The Elephant’s Trunk Nebula is a dense region of dust and gas found within the considerably larger star forming region IC 1396 in the Cepheus constellation. It is designated IC 1396A, the elongated globule of dust and gas was named the Elephant’s Trunk because it resembles an elephant’s head and trunk at visible wavelengths, appearing as a dark patch with a bright winding rim. It is located at a distance of 2,400 light years from Earth.
The Elephant’s Trunk Nebula is a region of star formation, with more than 250 young stars identified within and around it. Several of these stars are very young, less than 100,000 years old. There are two stars with an estimated age of a couple of million years, found in a small cavity in the head of the Elephant’s Trunk. The newly born protostars were formed as a result of the pressure created by the high compression caused by the radiation of the massive central star and the winds from the young stars within the nebula. The radiation and stellar winds of the central star are eroding some of the nebula’s dust and gas while also compressing some of the material into clumps from which new stars are formed.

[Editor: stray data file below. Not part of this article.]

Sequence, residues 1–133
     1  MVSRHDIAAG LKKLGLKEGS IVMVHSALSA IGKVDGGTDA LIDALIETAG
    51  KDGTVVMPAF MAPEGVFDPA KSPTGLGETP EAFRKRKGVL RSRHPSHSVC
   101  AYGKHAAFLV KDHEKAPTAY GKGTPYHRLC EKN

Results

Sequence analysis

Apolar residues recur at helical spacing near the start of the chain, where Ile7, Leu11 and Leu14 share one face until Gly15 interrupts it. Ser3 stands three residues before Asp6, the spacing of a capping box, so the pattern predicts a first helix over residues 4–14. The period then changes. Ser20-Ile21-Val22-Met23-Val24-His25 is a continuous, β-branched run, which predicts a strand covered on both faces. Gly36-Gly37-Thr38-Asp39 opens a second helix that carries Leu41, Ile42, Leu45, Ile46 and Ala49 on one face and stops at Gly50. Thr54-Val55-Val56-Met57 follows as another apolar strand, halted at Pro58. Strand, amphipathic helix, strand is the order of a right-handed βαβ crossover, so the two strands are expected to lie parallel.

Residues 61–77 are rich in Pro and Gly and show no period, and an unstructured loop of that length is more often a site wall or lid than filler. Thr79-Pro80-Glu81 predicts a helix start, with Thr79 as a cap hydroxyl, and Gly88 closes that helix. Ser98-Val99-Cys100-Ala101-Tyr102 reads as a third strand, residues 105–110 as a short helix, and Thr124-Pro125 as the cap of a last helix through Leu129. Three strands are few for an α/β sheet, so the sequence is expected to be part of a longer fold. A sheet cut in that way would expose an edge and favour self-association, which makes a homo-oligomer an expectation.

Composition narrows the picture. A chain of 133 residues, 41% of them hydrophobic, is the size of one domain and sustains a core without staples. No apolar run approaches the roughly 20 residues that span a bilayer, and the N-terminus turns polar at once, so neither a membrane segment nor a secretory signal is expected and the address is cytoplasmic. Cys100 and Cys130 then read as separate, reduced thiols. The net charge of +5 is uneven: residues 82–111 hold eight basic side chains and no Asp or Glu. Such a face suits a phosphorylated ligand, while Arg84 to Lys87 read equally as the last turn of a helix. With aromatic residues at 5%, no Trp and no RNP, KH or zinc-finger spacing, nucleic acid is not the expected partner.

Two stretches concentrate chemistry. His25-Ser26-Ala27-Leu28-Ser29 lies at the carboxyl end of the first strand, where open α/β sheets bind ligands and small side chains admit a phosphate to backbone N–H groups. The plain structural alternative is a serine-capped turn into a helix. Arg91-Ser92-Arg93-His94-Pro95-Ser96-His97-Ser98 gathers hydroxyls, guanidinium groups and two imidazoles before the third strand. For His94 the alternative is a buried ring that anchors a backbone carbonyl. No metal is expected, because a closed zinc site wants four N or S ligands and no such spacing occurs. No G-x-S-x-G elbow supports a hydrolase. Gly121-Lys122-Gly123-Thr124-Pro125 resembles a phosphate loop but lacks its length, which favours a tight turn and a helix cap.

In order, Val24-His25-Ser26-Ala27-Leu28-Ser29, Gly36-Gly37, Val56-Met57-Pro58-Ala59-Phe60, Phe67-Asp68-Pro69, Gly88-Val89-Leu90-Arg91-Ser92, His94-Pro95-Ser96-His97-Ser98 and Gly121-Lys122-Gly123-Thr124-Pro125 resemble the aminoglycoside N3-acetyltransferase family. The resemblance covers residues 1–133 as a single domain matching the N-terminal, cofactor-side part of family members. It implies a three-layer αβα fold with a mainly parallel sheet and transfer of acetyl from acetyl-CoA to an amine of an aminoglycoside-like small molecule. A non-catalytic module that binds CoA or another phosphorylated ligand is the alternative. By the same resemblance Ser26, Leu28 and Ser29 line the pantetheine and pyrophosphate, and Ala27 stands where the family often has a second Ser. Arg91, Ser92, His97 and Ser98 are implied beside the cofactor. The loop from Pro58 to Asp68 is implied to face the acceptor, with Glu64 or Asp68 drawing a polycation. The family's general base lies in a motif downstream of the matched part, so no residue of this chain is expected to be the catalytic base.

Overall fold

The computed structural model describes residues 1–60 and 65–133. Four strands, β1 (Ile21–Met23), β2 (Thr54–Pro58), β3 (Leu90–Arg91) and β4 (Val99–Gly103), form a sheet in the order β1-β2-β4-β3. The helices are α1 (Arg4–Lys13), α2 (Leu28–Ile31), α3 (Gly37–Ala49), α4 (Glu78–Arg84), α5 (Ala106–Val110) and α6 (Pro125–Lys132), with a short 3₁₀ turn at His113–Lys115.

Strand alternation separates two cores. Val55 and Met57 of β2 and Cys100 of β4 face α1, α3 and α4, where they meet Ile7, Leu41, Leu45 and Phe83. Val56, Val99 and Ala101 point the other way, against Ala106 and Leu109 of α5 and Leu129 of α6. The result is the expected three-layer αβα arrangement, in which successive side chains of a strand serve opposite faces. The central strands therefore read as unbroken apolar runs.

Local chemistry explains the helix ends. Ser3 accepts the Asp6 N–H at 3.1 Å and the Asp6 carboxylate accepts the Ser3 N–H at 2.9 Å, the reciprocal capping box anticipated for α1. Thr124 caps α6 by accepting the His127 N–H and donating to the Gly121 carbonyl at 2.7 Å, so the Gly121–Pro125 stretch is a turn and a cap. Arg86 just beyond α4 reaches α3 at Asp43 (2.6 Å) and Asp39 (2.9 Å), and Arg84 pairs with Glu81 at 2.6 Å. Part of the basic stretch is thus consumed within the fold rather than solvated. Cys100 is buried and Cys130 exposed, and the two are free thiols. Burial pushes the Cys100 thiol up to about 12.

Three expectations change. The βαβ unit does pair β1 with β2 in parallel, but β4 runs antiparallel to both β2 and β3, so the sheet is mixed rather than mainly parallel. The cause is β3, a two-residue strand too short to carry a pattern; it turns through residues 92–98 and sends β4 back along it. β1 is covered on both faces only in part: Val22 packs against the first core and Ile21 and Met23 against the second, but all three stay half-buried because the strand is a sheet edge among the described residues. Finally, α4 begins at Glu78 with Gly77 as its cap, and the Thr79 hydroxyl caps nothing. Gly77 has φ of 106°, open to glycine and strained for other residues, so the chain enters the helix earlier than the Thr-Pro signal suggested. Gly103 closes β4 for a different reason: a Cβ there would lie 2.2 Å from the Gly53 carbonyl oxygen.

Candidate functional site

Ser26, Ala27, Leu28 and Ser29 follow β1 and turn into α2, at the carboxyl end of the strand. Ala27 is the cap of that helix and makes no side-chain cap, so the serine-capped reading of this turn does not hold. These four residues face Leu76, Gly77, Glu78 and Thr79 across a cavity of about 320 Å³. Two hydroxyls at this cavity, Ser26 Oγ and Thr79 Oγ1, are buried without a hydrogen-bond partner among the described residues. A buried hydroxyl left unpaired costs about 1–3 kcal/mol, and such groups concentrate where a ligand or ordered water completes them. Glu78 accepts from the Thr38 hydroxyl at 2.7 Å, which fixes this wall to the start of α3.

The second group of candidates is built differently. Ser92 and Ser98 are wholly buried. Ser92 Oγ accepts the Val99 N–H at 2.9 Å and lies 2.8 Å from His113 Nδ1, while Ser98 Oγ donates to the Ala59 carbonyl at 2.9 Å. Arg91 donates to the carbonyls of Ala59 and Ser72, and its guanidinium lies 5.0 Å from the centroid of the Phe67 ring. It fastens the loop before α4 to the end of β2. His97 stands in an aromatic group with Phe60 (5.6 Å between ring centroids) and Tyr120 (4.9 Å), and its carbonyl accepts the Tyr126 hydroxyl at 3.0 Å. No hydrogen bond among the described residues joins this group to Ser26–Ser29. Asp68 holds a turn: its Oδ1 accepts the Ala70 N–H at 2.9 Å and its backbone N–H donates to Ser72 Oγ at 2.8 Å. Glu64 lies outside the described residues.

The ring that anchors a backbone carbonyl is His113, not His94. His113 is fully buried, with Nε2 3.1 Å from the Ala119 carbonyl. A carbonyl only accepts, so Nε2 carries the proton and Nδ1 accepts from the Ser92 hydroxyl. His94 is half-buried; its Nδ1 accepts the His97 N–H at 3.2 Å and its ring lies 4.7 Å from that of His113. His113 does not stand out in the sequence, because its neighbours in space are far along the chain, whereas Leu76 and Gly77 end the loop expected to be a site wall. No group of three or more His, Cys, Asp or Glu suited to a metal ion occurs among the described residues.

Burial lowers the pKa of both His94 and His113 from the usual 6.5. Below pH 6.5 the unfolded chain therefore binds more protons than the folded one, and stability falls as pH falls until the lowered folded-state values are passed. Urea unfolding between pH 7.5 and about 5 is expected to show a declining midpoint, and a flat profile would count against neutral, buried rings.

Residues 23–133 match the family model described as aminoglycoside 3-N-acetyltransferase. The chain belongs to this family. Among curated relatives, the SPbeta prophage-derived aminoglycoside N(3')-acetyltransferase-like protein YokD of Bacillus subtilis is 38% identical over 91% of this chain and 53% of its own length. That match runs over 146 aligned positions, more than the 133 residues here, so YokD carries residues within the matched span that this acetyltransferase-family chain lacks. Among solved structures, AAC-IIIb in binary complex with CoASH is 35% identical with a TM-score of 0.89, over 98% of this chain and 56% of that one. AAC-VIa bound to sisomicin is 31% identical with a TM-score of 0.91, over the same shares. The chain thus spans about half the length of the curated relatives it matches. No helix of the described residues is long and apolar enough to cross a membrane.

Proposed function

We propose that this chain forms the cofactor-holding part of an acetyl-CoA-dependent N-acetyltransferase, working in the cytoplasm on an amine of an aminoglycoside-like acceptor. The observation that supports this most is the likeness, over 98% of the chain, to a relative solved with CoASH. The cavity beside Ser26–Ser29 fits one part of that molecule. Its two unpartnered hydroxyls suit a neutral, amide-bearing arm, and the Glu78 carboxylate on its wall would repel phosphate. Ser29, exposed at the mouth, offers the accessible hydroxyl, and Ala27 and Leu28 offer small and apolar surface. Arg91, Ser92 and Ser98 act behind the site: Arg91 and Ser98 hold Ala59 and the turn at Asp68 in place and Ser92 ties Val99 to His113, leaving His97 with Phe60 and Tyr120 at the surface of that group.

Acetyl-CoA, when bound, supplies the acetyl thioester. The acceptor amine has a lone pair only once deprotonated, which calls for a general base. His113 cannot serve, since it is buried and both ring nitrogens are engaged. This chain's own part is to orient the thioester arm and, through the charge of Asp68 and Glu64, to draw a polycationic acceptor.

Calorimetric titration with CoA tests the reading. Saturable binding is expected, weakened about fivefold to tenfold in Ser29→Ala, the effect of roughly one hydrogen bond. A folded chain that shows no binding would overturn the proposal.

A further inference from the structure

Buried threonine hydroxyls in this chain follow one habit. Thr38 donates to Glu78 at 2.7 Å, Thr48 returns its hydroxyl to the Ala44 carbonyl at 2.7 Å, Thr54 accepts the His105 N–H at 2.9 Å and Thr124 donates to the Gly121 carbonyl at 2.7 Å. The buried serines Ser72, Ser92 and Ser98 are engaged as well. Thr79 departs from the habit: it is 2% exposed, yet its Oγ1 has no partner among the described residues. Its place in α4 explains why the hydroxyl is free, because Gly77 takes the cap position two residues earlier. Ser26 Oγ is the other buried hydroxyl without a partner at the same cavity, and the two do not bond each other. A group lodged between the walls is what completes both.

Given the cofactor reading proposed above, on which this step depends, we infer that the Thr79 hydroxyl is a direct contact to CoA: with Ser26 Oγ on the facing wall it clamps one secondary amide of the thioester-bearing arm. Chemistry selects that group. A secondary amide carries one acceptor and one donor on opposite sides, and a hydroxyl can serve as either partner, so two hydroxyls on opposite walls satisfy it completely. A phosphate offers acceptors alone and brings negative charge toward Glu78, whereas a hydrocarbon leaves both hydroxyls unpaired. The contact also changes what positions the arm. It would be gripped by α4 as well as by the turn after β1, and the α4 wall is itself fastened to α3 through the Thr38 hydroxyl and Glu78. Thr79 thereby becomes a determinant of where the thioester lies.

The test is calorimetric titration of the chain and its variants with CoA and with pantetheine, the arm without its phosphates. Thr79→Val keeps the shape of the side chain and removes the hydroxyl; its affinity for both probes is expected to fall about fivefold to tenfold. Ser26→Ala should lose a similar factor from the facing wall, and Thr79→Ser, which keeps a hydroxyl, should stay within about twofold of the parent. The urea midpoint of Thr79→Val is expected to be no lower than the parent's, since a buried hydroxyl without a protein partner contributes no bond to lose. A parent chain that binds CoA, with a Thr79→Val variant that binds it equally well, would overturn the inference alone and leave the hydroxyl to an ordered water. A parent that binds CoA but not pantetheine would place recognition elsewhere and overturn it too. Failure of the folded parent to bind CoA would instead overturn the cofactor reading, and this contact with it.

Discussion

This is a false color photograph comprised of images taken with Hydrogen Alpha, Oxygen III and Sulfur II filters and processed together in PixInsight. The stars have been reduced to emphasize the nebula structures.